Mobility solutions
Data archiving
Cloud – applications

Full details of all areas of interest are available from Charlotte Doniger.

Failure to launch syndrome (or "When are the kids ever going to leave home?"), Nicholas Turner

March 2017 |
Crowded Nest

Let’s look at the statistics both in the USA and the UK.

In the USA in 1960 the average age for the groom was 23, and the bride 20, but by 2011 this had crept up to 29 and 26 respectively. In the UK in 1970, 80% of brides were under 25, however by 2012 this figure had shrunk to 14%. In the 1980s 60,000 UK brides were teenagers but by 2012 this was down to 3,000, with the average age of a bride up at 34 years old.

Back over in the States, Pew Research concluded that of young adults between the age of 18 and 34, they were more likely to be living at home than in any other living situation. This was broken down as 32.1% living with parents, 31.6% living with a spouse or partner in their own home, and 14% were living as a single parent or sharing with roommates or renters. The rest were with other relatives, or continuing education institutions.

In the UK 3.3 million 20-34 year olds are still living with parents, a leap of 618,000 since 1996, according to the Office for National Statistics. A fifth of 25 to 29 year olds still living with their parents, and half of those aged 20-24 and one in 10 aged 30-34 are also in the same boat.

This is a seismic shift in how we are structured as economies, countries, and communities. The analysis of why is easily repeated by every politician or economic expert, referring glibly to the property ladder being too expensive to reach that first rung, and combine that with most young  adults are remaining in education longer. These facts are unassailable but do they really explain the trend. How far do the surveys extend into probing which economic/social section of the” young adults” account for the rapid rise in the “failure to launch” syndrome.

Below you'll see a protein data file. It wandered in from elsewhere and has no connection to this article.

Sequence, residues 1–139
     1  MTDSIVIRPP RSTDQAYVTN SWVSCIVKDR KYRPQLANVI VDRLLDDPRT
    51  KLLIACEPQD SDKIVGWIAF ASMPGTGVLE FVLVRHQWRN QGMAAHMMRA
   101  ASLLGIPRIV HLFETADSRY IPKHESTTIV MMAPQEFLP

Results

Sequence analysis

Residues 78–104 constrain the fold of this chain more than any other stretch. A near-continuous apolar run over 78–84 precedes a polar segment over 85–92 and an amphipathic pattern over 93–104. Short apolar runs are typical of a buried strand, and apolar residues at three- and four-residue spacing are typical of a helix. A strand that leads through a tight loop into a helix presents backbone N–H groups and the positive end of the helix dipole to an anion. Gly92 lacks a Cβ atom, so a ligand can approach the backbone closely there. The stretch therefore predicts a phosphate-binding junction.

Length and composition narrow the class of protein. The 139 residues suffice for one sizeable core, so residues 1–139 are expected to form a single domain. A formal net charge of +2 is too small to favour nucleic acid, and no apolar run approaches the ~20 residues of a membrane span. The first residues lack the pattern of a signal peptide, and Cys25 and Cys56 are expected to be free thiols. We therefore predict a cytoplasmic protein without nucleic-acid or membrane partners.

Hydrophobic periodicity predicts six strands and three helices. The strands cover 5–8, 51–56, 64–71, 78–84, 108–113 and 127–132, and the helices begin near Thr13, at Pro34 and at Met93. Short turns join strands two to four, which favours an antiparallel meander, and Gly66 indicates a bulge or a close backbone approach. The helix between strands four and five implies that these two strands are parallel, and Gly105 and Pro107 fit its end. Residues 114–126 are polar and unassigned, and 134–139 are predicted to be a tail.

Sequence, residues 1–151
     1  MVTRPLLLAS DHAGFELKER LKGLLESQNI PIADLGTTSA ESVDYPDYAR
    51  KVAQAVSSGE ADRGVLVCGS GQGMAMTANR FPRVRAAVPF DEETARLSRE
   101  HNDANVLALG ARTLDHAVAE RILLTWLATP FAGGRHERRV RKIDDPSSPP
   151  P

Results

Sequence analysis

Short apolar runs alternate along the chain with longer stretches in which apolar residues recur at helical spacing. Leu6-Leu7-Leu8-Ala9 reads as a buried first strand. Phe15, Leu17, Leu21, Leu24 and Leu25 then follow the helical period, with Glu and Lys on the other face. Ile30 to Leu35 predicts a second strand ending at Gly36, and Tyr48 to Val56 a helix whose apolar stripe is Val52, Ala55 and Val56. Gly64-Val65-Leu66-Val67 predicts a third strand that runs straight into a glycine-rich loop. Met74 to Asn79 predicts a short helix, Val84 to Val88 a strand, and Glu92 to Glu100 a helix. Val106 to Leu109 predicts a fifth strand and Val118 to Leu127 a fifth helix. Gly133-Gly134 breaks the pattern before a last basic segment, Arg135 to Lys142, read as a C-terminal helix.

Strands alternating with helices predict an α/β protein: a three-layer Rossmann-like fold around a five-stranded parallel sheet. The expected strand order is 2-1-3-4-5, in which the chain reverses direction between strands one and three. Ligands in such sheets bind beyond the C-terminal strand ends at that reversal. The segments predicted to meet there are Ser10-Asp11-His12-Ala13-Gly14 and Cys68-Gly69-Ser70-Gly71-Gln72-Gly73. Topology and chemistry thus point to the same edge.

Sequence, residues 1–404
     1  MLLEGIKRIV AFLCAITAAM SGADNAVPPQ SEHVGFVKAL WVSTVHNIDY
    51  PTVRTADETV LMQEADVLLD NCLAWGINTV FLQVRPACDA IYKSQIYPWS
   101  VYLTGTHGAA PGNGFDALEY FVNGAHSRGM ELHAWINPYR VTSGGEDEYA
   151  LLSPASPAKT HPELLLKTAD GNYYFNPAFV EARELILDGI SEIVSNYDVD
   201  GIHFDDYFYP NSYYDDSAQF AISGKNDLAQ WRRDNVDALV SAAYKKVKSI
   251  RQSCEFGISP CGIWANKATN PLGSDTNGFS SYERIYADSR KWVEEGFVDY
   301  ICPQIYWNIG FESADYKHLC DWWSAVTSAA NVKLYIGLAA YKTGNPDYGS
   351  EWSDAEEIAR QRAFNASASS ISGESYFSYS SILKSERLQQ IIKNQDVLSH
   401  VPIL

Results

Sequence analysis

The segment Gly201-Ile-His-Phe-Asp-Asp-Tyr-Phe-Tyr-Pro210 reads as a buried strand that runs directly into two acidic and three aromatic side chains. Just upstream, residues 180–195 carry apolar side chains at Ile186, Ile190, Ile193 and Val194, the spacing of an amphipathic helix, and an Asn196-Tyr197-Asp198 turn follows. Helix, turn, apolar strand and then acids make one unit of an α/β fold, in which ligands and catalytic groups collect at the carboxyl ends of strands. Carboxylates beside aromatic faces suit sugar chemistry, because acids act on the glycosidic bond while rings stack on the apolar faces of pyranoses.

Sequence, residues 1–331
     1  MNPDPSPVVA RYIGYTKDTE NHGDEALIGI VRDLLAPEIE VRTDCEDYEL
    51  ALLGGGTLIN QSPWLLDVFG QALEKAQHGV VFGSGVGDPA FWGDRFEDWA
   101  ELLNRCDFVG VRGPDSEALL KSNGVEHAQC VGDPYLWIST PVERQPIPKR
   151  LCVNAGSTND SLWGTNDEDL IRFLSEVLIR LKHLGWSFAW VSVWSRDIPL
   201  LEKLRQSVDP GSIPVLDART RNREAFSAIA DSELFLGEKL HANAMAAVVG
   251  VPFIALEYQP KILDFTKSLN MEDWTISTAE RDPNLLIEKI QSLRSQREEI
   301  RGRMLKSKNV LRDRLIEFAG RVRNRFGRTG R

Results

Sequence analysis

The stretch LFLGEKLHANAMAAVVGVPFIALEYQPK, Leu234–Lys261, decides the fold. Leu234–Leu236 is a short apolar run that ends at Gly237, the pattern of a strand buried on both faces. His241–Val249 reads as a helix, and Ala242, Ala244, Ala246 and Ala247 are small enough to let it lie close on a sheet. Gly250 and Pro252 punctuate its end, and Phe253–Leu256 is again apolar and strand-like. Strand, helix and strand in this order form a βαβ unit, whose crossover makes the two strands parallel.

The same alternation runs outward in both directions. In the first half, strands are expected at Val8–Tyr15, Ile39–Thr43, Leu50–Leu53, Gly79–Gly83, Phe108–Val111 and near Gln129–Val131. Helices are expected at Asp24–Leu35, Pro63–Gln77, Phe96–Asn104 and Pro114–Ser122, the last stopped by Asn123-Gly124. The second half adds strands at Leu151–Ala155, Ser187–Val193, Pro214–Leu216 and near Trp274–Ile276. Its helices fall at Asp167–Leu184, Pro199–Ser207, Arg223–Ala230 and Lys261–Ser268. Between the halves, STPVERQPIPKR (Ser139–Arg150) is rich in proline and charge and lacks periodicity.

The syndrome deserves further analysis.

Marriage, as an institution, surprisingly, is faring well. Young people broadly believe in it still, and there has been only a slight decline pro rata in marriages recorded in churches and civil offices over the last 30 years. The biggest decline in weddings has been the teenage bride marriages, and that has gone hand in hand with society being far more accepting of children born out of wedlock, and therefore shotgun weddings have become a thing of the past. Even culturally, there has been a rapid decline in arranged marriages, due to modern value changes in many of the more traditional religions.

Education is playing its part. Not only are more young adults remaining in continuing education longer but by virtue of them being better educated their approach to modern living is driven be monetary common sense and reason, rather than pure volatile teenage passion. The huge increase in University placements and the rash of new Universities across the UK tells us 2 things. First it confirms the upward rise in average age of young adults still receiving education as opposed to working, and secondly it confirms a correlative increase in those taking on substantial debt because of the requirement to repay tuition and other fees on conclusion of that education.

However, that does not explain the fact that there are still a large number of young adults that do not go into tertiary education, instead leaving school as teenagers and here you will find that the proportions of this group “not living at home” although slightly diminished, the figure remain surprisingly stable over the last 20 years. These young adults are moving away from home with as much speed as they used to, often into shared or rented accommodation with partners or other young adults. The incidences of childbirth amongst this sector still remains at a younger average age and with much the same birth rate as it has for the last 20 years.
It is therefore the, once referred to as middle classes, or white collar workers’ children that are responsible for the syndrome.

Responsible analysis tells us that these largely aspirational young people want their own homes, and they want to be free of debt and inevitably in the current economic climate of housing shortages, high cost mortgages and shortage of well paid professional jobs then inevitably our children have nowhere to go for some time, other than to remain at home.

But I blame our generation for this calamity!  And I am not fooled by the statistics and analysis applied by endless think tanks and national statistical surveys. By simple application of mathematics to these “statistics”, it is clear to me what is happening.  One statistic gives it all away.  The current average age of a bride is 34 years of age.  Her parents came from the generation when the average age of grooms was 27, and brides were 24. That happens to be my baby boom, affluent, 80s and 90s wealthy generation…..you know, the generation that has spoilt it for the rest of the population, allegedly.